St Nicolas vs Santa Claus

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With Christmas just round the corner, our writers are giving their views of the festive season in a new series of posts. Earlier in the week we had Colombian student Johanna describing her first Christmas in England. Here Erik describes the tradition of St Nicolas' Day in his home country of Slovakia:

"I knew that in the UK nothing special happens on the December 6th, but I hung my stocking in the window anyway. But Saint Nicolas did not show up. Maybe he didn't find the way as he doesn't visit children in the UK. Or, his sledge might have been shot down by the missiles installed before the Olympics. In the following article, I would like to describe to you the small pre-Christmas festival- Saint Nicolas' Day.

The Tradition of St Nicolas

Originally, Saint Nicolas is a Christian tradition, just like Christmas really. Nicolas was a bishop who lived in Turkey in the 3rd century. There was a poor family with three daughters living in the same city. I would say that no one would marry them due to their looks, but according to the story the family did not even have enough money to support a marriage.

Nicolas was a good man and always helped the poor. Therefore at night, he sneaked into the family's house like Batman and left a bunch of money on the window frame. He did it three times altogether so that all daughters could find a husband. Later, Nicolas was proclaimed a saint and became the patron of sailors, merchants, archers, thieves, children, pawnbrokers and students in many countries.

In Slovakia on the 6th December a man dressed as a bishop would give children little treats such as fruit, cakes or sweets. Nicolas is usually accompanied by the devil, which, apart from being the security guard, scares the misbehaving children and gives them an old potato instead of the sweets. The third member of Nicolas team is an Angel- usually a young girl dressed in a white gown. It used to be a nice tradition to welcome Nicolas arriving on the sledge (recently thwarted by global warming and a lack of snow). The gift giving went alongside the lighting of the central Christmas tree in town- a ceremony that officially opened the Christmas season.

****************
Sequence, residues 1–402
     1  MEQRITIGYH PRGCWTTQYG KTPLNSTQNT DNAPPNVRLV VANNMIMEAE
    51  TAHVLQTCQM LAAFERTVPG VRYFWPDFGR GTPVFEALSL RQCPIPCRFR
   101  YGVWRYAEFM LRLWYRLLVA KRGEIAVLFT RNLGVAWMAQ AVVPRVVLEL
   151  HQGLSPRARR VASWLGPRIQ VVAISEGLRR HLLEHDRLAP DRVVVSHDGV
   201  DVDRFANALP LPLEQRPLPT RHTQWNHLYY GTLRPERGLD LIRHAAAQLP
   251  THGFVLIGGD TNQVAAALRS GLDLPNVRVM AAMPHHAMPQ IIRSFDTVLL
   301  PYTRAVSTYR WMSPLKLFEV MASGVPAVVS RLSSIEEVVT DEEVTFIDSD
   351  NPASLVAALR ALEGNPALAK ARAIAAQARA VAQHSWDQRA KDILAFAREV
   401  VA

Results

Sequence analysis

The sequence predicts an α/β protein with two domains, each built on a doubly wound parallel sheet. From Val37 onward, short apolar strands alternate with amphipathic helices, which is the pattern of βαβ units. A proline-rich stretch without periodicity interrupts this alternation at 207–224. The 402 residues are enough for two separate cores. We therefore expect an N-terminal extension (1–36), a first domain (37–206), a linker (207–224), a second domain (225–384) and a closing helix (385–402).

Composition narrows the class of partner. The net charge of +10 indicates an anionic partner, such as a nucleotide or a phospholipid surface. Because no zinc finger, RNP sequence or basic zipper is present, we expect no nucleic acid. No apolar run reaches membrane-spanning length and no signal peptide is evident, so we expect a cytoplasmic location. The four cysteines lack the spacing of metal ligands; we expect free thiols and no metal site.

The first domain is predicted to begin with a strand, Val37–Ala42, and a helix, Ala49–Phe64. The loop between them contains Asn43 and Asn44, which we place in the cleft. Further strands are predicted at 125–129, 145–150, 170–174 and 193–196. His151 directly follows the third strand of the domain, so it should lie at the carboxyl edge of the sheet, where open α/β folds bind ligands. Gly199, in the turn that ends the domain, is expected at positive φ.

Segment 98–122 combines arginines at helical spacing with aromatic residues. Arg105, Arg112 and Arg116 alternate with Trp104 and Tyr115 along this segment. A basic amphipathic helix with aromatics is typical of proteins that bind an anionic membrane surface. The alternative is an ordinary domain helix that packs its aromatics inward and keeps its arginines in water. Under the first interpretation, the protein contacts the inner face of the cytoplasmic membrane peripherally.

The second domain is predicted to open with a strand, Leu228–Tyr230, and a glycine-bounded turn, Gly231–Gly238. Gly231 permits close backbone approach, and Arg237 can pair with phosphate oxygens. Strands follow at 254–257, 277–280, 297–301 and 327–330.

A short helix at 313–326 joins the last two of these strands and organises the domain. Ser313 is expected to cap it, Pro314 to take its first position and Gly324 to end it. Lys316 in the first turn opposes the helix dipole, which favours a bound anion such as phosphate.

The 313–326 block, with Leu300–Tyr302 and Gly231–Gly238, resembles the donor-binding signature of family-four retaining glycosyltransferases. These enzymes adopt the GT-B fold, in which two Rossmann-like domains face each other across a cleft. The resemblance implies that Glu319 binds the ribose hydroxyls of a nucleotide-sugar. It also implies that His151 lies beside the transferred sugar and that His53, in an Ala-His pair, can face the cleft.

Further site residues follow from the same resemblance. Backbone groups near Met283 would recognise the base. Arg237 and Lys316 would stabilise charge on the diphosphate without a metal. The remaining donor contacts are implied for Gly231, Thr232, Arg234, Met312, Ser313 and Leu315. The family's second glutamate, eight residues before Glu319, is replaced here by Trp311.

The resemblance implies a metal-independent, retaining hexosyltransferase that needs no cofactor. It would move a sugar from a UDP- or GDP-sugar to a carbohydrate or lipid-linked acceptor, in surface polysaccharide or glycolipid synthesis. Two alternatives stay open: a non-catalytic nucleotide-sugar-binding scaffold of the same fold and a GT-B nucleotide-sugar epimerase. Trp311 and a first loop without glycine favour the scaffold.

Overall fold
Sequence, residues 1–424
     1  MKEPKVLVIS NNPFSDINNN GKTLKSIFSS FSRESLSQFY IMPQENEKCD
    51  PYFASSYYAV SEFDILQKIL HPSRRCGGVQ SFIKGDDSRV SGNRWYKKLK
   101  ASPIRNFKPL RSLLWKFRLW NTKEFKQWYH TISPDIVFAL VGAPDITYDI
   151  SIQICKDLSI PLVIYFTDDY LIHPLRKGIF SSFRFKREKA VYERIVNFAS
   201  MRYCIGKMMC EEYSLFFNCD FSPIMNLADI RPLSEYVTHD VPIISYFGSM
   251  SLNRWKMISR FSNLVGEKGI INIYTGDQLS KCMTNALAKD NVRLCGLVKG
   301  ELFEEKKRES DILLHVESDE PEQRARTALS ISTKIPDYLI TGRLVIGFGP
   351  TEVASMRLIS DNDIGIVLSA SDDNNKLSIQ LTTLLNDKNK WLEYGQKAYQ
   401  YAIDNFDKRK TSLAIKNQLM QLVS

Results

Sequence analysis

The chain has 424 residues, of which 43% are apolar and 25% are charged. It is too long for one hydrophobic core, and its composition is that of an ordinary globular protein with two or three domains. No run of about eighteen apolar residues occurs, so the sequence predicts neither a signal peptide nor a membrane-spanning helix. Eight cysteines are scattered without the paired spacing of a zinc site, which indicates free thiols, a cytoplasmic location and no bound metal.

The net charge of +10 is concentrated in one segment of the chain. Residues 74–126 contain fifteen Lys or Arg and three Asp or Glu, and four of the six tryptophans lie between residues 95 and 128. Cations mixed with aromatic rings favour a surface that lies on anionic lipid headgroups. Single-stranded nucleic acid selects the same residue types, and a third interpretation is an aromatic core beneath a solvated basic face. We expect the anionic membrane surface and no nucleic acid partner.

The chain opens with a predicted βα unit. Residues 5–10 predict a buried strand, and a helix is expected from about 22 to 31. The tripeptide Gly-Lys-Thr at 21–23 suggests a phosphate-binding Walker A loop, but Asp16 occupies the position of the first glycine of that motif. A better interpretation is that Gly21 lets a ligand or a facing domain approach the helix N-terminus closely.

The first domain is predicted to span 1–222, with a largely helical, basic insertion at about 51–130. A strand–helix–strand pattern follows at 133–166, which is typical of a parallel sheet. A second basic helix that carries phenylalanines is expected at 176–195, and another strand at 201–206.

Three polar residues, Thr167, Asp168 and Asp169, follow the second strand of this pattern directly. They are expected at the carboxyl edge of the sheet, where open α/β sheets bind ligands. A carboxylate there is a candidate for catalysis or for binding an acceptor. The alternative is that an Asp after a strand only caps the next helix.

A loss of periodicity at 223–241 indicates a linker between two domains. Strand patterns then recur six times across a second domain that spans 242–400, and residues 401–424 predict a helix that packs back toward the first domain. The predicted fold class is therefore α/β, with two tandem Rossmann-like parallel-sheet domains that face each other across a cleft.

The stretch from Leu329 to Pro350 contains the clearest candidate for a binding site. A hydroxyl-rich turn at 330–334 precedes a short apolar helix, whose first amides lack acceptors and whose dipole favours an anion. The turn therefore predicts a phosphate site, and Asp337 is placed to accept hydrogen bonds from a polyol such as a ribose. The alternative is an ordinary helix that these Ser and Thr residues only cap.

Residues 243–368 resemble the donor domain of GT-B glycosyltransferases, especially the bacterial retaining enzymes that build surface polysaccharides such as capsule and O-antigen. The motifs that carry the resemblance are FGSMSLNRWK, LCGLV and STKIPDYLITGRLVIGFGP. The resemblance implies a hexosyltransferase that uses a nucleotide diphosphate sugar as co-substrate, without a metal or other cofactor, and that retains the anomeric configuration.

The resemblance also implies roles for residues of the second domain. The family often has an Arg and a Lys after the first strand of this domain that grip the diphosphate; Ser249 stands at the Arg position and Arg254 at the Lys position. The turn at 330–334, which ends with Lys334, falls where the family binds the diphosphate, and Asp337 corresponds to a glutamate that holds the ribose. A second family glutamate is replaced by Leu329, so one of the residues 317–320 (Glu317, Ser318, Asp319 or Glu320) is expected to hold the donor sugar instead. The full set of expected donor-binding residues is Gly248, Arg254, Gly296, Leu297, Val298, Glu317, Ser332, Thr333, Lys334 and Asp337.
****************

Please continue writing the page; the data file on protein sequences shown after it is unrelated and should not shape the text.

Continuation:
Today's Christmas

But since then, the perception of Nicolas has changed utterly, and the bishop image has been sidelined to the church goers. Christmas season now starts in late October, at least in the TV commercials. After Turkey was inhabited by Muslims no one would believe the story about the Christian saint. Instead, in many supermarkets you see an old fat man dressed in a red gown with white fur, sitting in an armchair, besieged by greedy children. Reportedly, the red and white garment was inspired by Coca Cola.

Apparently, Nicolas became associated with the American Santa Claus, originally brought to New York by the Dutch settlers. He also used to be celebrated on 6th December, but over time he began to be associated with giving presents on 25th December. That's the only difference. In Slovakia Christmas gifts are the responsibility of the baby Jesus, and December 6th belongs to Saint Nicolas, or Mikuláš - the Slovak translation. Children therefore have to write two wish lists. One for Nicolas and one for the baby Jesus. Actually, they can add two recipients to the same email.

Well, whether it is the Baby Jesus, Papa Noel, Ded Maroz, Saint Nicolas, or Santa Claus; everyone is concerned only about the gifts. I feel we have definitely abandoned the original idea of Christmas- to enjoy the festival with family and friends, and remember those that need our help."

Erik Redli is a university graduate from Slovakia who is currently living in London. Read more of his posts here.

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